On Friday the House passed H.R. 3504, the “Born-Alive Abortion Survivors Protection Act.” The bill passed along party lines, except for five Democrats who voted Yea. Now Nebraska Republican Ben Sasse, with support from 21 cosponsors, has introduced the bill in the Senate. The legislation would augment the Born-Alive Infant Protection Act (BAIPA), passed by Congress and signed into law in 2002, by requiring that “any health care practitioner present at the time the child is born alive shall—
(A) exercise the same degree of professional skill, care, and diligence to preserve the life and health of the child as a reasonably diligent and conscientious health care practitioner would render to any other child born alive at the same gestational age; and
(B) following the exercise of skill, care, and diligence required under subparagraph (A), ensure that the child born alive is immediately transported and admitted to a hospital.
I have written ad nauseum about how Democrats are the real abortion extremists. But if you require any further proof, pay attention to the fate of Senator Sasse’s admirable bill.
The Democratic rhetoric surrounding abortion policy used to be “safe, legal, rare.” Abortion was defended as a necessary evil; would that we could get rid of it, but, alas . . . From that starting point, protecting babies who survived botched abortions would seem to be a straightforward proposition: “To the extent that we can protect life, we ought to do so.” Consider that BAIPA passed the Senate by unanimous consent.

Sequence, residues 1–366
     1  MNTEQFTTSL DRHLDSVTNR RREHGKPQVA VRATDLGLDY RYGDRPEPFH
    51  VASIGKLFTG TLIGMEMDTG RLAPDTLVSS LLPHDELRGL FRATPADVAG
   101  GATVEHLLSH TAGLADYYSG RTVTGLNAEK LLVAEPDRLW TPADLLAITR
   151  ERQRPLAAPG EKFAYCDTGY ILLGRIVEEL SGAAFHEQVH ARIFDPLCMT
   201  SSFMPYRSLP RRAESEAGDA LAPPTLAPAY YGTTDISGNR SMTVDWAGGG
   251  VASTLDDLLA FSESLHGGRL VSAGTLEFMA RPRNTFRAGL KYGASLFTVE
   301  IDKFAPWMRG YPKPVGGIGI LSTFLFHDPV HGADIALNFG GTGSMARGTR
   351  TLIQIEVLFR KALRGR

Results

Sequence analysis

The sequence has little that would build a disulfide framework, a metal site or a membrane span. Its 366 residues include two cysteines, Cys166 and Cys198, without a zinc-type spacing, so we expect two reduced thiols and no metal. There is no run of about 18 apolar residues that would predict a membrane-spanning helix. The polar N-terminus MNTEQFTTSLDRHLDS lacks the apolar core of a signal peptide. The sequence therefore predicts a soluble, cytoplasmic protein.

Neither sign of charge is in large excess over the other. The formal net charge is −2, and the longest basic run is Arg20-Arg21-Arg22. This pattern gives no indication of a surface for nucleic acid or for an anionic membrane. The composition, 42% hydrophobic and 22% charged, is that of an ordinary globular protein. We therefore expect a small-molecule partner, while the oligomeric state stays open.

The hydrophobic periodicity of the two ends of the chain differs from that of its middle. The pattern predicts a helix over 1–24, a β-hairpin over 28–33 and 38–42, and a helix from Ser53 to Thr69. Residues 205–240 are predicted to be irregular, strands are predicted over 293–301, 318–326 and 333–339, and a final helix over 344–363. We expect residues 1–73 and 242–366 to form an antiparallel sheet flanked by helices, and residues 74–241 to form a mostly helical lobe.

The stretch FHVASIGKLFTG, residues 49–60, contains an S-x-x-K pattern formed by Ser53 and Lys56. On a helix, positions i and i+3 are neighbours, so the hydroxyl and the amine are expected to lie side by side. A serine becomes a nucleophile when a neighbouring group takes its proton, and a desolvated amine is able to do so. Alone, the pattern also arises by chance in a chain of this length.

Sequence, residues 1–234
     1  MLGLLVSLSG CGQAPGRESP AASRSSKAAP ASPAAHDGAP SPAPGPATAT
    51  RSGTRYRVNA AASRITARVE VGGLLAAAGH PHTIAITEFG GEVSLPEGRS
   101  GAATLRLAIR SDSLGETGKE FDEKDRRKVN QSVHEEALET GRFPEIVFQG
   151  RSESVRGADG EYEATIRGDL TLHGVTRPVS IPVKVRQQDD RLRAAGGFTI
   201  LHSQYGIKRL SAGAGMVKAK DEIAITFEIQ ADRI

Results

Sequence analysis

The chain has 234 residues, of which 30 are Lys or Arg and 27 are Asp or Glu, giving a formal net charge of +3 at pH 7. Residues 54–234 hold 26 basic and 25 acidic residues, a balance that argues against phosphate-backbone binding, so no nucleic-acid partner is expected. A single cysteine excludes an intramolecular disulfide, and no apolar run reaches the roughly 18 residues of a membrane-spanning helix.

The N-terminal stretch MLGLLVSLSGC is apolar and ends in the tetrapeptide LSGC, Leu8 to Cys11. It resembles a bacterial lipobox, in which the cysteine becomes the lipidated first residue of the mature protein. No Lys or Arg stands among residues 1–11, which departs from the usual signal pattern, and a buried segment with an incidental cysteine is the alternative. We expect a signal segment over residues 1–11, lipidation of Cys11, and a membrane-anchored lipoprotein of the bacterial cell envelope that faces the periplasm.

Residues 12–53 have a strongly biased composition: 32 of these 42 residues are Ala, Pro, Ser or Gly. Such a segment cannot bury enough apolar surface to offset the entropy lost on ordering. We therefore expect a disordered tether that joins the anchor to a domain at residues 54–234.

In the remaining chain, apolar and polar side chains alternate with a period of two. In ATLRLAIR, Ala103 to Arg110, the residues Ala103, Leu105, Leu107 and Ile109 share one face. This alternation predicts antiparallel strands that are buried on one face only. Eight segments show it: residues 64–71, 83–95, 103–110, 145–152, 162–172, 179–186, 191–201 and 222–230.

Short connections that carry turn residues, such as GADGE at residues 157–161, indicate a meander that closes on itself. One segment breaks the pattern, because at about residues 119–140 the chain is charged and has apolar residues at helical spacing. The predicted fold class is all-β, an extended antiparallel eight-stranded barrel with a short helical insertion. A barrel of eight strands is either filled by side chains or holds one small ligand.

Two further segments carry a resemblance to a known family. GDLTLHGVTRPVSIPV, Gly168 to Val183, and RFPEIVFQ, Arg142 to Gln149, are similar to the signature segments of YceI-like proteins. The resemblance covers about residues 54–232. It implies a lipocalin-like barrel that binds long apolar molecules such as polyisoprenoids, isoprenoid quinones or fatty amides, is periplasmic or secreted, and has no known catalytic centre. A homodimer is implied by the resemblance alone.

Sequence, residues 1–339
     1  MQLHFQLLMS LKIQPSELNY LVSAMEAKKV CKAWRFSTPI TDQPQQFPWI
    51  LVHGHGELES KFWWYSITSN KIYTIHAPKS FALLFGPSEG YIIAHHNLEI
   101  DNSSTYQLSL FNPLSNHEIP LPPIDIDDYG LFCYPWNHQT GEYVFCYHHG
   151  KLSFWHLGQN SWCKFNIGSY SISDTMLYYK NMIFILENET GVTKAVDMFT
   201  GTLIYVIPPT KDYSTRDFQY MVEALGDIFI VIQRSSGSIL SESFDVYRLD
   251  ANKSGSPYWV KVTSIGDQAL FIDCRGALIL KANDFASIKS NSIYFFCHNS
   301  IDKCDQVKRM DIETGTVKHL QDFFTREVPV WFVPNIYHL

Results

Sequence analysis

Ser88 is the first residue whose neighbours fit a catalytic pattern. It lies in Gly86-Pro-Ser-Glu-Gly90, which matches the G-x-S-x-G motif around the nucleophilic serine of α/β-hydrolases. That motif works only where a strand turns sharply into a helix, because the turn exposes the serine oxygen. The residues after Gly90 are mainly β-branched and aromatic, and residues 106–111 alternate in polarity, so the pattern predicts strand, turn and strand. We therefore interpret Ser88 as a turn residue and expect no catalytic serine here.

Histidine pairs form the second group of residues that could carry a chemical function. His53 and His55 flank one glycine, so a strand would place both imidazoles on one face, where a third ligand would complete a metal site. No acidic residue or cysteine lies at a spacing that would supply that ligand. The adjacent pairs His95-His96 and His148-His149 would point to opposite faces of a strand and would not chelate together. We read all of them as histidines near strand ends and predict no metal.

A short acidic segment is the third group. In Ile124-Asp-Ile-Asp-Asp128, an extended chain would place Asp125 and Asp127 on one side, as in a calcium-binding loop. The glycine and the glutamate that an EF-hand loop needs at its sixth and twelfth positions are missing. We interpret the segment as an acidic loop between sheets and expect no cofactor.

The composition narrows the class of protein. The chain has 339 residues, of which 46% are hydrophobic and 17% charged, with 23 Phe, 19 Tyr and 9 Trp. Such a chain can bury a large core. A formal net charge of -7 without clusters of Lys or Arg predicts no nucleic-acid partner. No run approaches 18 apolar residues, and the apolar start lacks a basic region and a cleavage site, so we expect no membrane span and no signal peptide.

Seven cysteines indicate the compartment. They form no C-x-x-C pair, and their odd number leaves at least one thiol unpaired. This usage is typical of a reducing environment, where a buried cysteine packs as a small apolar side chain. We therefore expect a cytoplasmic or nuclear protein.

That will not be the case this time around. Senate Democrats are virtually guaranteed to reject cloture (as they did today with the House’s proposed 20-week abortion ban), and Senate Republicans do not have a filibuster-proof majority. So Senator Sasse’s bill is likely to die without a vote.
Why? Because Democrats are not the party of “safe, legal, rare,” but of Barbara Boxer: “I think when you bring your baby home, when your baby is born . . . the baby belongs to your family and has all the rights.” So the senator declared in 1999. And objection to legislation such as the Born-Alive Abortion Survivors Protection Bill is the inevitable consequence of such a view. Inside the womb, outside the womb — such considerations do not matter. What matters is intent. Did you want the thing? Then it’s a baby. Did you want to abort it? Then it’s not. If what’s operative is a woman’s right not to have to be burdened with a child, then what’s the difference between a 24-week-old fetus inside the womb and in a dish?
That’s where the Democratic party is at present, and that’s why they will not be signing onto Senator Sasse’s legislation. If you’re a Democrat who finds that uncomfortable, perhaps you should reconsider your party affiliation.